So I launched my attack. “Sometimes I think that you don’t ‘get me.’ Like, you think that in my past, I was just acting stupid and naïve.” In my past, I tried to be a hippie…and I tried to chase after a belief that a state of 150 percent pure beauty and passion could be found, and maintained, 150 percent of the time. “So maybe I was being naïve…but it’s that FEELING…that FEELING that all this”—here, I gesticulated dramatically—”twee décor, beautiful consumers, a miniature ramekin holding orange cream sauce that I’d requested ‘on the side’) is so…so BORING. So MEANINGLESS. SOHO is BORING.” Matt works in Soho, and we sometimes eat in the neighborhood, as we were doing that night. “THERE IS MORE OUT THERE. DON’T YOU GET IT? I CAN’T STAND THIS FEELING. SOMETIMES… SOMETIMES I THINK THAT YOU ARE SOHO!”
I grabbed the cloth napkin tucked under my plate, and flung the napkin onto my lap. I balled my hands into tight fists and threw Matt the nastiest stink-eye I could muster.
He calmed me down, reminding me that “this feeling” is normal. Matt is a man of whom one could say, “He has a good head on his shoulders.” At my insistence, we ordered more—a spicy papaya salad, plus two nightcaps. We ate more; we drank more; we split the bill. We walked—wiggling our way gingerly past the other guests; my eye glued to the waitress in the peasant top—outside.
Outside offered us a slightly sticky night in late spring. Matt and I stood on a quiet-ish side street, wondering what to do next. A small darkness was obscured by those lights that are never turned off, left on to illumine slender mannequins poised languidly in the windows of cute boutiques, closed for the night. A lingerie shop displayed brazen mannequins outfitted in risqué negligees and bras that did not really seem like bras. The mannequins made me feel weird. A few people huddled outside a gelateria/espresso bar and were laughing. I wished I were laughing. A few bodies hurried by, speaking in excited tones. I felt blank. I felt boring. I felt panicked. I pounced:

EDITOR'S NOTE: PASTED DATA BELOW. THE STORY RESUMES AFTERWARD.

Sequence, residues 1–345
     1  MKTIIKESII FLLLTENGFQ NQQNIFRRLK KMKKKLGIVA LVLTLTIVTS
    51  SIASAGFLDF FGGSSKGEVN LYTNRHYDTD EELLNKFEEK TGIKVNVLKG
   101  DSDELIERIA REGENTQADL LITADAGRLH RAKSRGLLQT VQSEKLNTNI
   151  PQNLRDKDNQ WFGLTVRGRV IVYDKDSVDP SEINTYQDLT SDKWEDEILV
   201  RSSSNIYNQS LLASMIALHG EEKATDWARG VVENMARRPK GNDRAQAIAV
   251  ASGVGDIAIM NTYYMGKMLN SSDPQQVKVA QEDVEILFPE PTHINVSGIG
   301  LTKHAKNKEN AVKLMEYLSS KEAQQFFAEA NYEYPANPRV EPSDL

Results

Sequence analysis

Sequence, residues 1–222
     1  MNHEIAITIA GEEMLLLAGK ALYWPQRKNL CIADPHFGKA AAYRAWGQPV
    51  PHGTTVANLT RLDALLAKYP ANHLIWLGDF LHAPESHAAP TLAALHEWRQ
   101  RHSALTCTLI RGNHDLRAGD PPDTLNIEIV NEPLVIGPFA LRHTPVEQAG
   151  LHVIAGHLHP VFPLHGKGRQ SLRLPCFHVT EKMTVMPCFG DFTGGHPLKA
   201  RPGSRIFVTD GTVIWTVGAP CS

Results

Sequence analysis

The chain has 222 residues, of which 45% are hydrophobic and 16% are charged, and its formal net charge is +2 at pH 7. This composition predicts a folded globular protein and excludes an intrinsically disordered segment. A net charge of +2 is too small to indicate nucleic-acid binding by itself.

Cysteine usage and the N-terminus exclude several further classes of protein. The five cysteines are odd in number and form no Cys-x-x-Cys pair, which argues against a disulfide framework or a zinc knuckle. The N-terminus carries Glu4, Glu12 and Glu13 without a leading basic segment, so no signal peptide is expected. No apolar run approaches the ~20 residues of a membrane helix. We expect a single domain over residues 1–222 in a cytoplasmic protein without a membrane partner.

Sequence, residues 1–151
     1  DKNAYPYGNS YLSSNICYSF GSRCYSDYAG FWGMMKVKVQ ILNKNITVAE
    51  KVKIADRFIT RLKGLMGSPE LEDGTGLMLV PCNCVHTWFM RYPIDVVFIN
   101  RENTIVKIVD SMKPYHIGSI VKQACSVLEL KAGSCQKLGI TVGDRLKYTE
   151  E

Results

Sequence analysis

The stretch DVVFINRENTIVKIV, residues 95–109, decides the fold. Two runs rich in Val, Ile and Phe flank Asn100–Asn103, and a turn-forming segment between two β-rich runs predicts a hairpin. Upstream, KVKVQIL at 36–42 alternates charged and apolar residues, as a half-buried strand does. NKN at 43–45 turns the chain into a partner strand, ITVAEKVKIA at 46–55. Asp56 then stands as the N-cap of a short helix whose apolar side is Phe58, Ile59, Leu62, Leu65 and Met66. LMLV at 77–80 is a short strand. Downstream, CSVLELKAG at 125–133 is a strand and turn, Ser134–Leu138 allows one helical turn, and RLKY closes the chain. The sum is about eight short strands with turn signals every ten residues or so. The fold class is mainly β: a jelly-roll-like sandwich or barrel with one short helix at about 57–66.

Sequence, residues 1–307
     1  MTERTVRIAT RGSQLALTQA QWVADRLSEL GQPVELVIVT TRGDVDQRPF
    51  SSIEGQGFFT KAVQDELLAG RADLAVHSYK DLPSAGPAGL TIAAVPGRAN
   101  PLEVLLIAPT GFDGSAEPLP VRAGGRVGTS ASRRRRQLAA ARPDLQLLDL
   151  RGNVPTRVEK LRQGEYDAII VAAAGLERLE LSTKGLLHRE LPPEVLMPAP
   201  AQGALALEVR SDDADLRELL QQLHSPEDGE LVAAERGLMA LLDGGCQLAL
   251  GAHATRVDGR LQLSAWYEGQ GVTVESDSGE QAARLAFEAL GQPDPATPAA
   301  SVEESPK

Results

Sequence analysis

“I WILL NEVER BE BLONDE.”
“I WILL NEVER HAVE BLONDE HAIR. I CAN’T. MY HAIR IS TOO DARK. MY HAIR IS BROWN-BLACK. I CANNOT DYE MY HAIR—IT WOULDN’T SHOW UP.”
“I KNOW THAT YOU REALLY PREFER BLONDES. THAT WAITRESS IS BLONDE. YOUR EX-GIRLFRIEND IS BLONDE. YOUR SISTER IS BLONDE. YOUR MOTHER IS BLONDE. THAT WAITRESS IS BLONDE!”
“Ooh, Anna,” Matt sighed. “An ex of yours once said some idiotic thing to you about ‘preferring blondes’, which you still haven’t gotten over. This has nothing to do with me. I like the color of your hair.”
“No. No no no NO NO! I won’t believe you.”
“Oh, Anna,” he sighed once more. “What is the matter? Listen…I’m sorry about that waitress. I was acting piggish. I was rude. I’m really sorry. But it’s not that big of a deal. It didn’t mean anything. I want to be with you. What’s wrong? What’s going on in your head?”
I did not know. What I knew is that I had some spicy jealousy roiling around in my gut. So I shouted some more words. I balled up my hands into fists, and then…well, then I did something real shitty, something I feel bad about mentioning…I flung out my arm hard and fast, and whomped my nice boyfriend on the side of his head. I whomped him so hard his eyeglasses tumbled off.